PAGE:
I wish I could be so picky. When our former associate pastor was reassigned to a different parish he could no longer provide spiritual direction for me. I tried to contact an order of nuns who does spiritual direction locally, but never heard back from them. I prayed for close to a year (not consistently, I’m afraid) for a new spiritual director and when we got our new associate pastor he was able to take me as a directee. I really don’t know enough of his history to know how much suffering he has been through, and feel uncomfortable asking. God is working through him, that much is clear. We so desperately need more priests and nuns and monks to provide spiritual direction. Those who are qualified to do it are stretched too thin to provide it everywhere it’s needed.
Spiritual direction, along with confession, is a special emphasis undertaken by the priests of Opus Dei. They’re always open to that sort of thing. You might try seeking them out in your diocese. If you’re in Msgr. Pope’s diocese there’s a large Opus Dei presence (Catholic Information Center, The Heights and Oakcrest Schools).
Thanks! This is helpful information to have. I’m no where near D.C., but have certainly heard of Opus Dei and will keep them in mind if/when I need to find someone else.
I recently wrote, in a letter to a former student whom I sponsored when he received the sacrament of Confirmation:
“I remember thinking, when I was in 8th grade, how old an 18-year-old must be, how a high school graduate must be a man…and how surprised I was to find myself a high school graduate, nor feeling old, and then an 18-year-old and not a man. Of course, in some ways and on some days I thought myself a man, but mainly I was at that time convinced that not age but suffering, if anything, made me what I was—whatever that was.”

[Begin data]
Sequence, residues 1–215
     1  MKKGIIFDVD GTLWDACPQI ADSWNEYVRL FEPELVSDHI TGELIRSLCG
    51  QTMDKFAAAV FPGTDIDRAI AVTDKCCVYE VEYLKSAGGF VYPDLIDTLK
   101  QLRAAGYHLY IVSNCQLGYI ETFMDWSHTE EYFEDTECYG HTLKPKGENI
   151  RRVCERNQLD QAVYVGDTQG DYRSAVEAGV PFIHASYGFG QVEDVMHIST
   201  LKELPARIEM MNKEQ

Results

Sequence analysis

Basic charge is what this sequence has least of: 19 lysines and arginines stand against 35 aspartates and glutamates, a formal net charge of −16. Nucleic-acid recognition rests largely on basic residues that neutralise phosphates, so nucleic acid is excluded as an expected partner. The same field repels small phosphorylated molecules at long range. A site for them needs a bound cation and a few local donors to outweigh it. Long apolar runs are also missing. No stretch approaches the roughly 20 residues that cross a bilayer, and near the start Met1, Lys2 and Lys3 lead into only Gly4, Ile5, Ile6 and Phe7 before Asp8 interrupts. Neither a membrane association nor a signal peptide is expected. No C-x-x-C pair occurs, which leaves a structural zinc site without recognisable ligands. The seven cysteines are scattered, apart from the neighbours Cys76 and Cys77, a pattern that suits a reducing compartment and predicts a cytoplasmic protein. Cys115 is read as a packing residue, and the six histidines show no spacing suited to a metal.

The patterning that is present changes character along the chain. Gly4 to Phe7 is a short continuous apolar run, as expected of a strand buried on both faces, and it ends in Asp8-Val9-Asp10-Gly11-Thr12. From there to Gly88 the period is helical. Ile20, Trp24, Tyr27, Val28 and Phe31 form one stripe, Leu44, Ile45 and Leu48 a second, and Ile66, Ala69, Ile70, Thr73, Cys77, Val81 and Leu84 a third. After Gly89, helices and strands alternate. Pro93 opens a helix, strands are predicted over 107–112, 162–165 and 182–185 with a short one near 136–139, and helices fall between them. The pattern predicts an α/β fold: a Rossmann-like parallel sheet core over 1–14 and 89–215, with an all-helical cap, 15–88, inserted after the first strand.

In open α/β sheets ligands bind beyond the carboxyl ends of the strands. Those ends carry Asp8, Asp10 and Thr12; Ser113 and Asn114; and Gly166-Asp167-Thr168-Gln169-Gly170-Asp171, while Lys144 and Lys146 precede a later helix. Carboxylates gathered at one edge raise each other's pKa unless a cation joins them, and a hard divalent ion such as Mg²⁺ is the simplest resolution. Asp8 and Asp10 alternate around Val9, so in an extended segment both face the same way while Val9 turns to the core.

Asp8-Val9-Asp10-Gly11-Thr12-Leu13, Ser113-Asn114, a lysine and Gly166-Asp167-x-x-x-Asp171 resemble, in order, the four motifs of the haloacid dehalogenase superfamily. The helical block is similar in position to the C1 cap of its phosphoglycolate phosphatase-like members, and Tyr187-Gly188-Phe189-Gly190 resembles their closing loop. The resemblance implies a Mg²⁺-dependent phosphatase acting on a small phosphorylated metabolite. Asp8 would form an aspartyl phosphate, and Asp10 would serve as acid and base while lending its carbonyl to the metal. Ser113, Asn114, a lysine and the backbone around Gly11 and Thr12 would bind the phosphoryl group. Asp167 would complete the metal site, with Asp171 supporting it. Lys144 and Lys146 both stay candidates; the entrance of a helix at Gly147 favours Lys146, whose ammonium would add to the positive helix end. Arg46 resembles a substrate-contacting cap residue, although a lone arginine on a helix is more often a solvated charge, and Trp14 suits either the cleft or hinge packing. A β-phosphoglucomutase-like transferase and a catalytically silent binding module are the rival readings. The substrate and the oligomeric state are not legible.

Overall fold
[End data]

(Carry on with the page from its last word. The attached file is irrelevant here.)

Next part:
Some of the great saints of the Catholic Church endured so much suffering from all sides, yet their ground was firm solid as they were founded in Jesus.
Thanks for sharing a beautiful entry, God bless us all.
Thank you again Father.This is excatly what I needed.The Bible study lesson I was studying for this Sunday is on suffering.God was teaching me more about suffering when I read this today.We serve such a wonderful,loving God that is always helping us.Thank you Father for letting God work through you in helping others.Thank you again for this wonderful post.
Where can I get this song on a CD with this artist singing it? “Sounding Joy” … who is singing this? What a great voice. Have been listening to this over and over.
THe song is “Bring Me To THe Cross” By Matthew Ward on the Album Even Now. It is available at iTunes
Thanks for sharing this. I’ve been trying to use my own experiences to help others. I’ve had spiritual direction myself numerous times, and several different directors (as priests were transferred). I’ve found it to be much more beneficial than anything else. Most of the time any issues I am having are spiritual ones, and only a priest can help out with that (or a nun, too, you get the idea).
Having met many different patients in my years of being in the healthcare field, I’ve seen everything from patients who deal with what they are going through quite well and have learned a lot about themselves from bearing crosses, to patients that fight bearing the crosses on a daily basis. It’s both humbling, and sad, at times. But my patients have taught me a lot about life and death and they continue to teach me all the time. Each new patient brings a new experience and different point of view for me. I often compare healthcare with the priesthood – priests get to see all different walks of life, too. Thanks for all you do, and thanks for being there for us when we need guidance. It’s good to hear that you guys need it from time to time, too 🙂
unfortunately i feel i am amongst those who have suffered only to be left “resentful and despairing”. I despair frequently because of what i have been through and where i am now. i hope to some day emerge from this despair, but i often feel that it will be the end of me 🙁
Comments are closed.